The dynamic auto-generation helps avoid blacklisting, they said.

“Aside from the filename, we also observed that all the downloaded malicious APK files are unique due to package generation in real time as of May 16, 2018,” explained Ishimaru. “It seems the actor added automatic generation of APK per download to avoid blacklisting by file hashes. This is a new feature.”

Meanwhile, older Roaming Mantis samples connected to the C2 by accessing a “legitimate website, extracting a Chinese string from a specific part of the HTML code, and decoding it,” said the researcher. In the most recent sample, instead of using HTML protocol, Roaming Mantis uses email protocol to retrieve the C2.

“The malware connects to an email inbox using hardcoded outlook.com credentials via POP3,” Ishimaru said. “It then obtains the email subject (in Chinese) and extracts the real C2 address using the string ‘abcd’ as an anchor.”

Also, the previous malicious APK from April “had 18 backdoor commands to confirm victims’ environments and to control devices.” It’s now added a feature that calls the OS ping command with the IP address of the C2 server.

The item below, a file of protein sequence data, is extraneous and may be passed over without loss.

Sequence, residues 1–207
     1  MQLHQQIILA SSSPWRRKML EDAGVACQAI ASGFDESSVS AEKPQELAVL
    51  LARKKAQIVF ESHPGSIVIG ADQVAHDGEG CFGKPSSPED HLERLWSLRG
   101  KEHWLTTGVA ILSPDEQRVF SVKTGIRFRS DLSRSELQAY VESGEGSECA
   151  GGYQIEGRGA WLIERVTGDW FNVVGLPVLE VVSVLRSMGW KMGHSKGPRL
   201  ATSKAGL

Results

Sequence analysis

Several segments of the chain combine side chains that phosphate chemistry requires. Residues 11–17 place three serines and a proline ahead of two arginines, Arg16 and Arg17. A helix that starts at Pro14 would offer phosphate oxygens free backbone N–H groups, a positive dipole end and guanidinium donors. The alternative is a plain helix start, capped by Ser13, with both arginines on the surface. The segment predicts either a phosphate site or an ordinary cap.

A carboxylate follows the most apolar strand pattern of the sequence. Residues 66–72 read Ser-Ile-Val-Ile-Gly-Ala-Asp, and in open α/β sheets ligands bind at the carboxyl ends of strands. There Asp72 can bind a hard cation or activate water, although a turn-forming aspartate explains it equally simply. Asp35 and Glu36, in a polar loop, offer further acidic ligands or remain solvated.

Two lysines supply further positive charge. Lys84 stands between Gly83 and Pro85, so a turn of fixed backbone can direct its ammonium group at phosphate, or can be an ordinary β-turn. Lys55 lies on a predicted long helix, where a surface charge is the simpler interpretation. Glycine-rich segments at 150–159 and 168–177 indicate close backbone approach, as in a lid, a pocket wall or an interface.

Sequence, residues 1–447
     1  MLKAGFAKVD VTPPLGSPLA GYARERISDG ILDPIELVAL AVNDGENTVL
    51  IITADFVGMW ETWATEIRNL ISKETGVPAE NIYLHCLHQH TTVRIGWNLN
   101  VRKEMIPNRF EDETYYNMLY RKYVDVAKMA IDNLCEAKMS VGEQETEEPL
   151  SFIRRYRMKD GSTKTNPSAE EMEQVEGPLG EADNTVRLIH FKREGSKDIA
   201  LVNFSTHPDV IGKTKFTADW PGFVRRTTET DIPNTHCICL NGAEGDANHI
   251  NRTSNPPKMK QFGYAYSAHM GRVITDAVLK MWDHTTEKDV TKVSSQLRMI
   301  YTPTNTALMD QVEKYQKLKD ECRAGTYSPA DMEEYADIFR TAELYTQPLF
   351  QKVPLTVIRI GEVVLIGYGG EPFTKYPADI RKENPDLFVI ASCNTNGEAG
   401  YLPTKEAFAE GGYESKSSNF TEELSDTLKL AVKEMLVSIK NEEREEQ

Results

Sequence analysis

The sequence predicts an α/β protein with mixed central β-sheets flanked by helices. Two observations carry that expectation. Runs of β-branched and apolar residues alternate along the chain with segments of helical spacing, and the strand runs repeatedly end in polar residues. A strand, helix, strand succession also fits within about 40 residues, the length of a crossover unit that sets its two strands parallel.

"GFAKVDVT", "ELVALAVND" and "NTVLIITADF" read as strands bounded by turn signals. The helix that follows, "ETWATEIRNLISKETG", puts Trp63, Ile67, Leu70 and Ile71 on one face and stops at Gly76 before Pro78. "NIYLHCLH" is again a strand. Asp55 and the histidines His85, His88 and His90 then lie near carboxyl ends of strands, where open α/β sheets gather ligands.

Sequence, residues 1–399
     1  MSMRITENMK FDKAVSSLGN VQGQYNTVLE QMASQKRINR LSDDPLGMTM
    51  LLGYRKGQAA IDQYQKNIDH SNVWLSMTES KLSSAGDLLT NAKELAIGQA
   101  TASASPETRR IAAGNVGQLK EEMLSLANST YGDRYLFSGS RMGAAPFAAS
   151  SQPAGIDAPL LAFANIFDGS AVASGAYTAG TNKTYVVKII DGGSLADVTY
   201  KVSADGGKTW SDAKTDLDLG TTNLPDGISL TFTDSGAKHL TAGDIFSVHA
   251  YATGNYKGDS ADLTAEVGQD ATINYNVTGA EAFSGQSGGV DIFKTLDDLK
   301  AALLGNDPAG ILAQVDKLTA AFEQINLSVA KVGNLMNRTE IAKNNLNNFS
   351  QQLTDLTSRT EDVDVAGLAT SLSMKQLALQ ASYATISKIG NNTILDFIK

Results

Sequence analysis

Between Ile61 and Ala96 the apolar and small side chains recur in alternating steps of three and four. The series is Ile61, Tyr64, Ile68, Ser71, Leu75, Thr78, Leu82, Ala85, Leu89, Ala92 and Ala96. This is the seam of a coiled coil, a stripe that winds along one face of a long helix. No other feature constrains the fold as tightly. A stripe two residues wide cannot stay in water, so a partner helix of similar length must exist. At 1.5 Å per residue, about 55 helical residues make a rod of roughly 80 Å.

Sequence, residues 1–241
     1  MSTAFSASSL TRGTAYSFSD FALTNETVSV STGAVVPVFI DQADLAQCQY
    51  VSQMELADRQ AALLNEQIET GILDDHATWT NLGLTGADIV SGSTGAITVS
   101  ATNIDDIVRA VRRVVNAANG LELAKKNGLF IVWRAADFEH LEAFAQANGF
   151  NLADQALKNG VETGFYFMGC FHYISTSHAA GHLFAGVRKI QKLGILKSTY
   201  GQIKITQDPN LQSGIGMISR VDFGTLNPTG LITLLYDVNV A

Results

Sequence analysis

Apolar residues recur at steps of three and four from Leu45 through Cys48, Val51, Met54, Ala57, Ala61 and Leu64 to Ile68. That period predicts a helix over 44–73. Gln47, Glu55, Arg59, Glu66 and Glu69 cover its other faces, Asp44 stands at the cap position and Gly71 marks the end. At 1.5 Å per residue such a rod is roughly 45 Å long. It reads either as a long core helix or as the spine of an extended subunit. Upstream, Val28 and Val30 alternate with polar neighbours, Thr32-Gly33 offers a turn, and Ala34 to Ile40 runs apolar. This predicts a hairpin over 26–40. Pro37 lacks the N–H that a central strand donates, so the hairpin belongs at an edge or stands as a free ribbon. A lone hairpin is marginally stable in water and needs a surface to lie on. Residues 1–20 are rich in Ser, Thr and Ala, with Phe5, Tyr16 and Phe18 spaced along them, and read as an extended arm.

“By running this, the attackers validate the availability of the server, packet travel time or detect network filtering in the target network,” he said. “This feature can also be used to detect semi-isolated research environments.”

In August 2017, McAfee first identified and reported the existence of Roaming Mantis. At that time, the distribution method was SMS and South Korea was its only target. “[By] April 2018, it had already implemented DNS hijacking and expanded its targets to the wider Asian region,” Ishimaru said.

This latest expansion indicates that the actors behind the malware have no intention of slowing down their attack rate.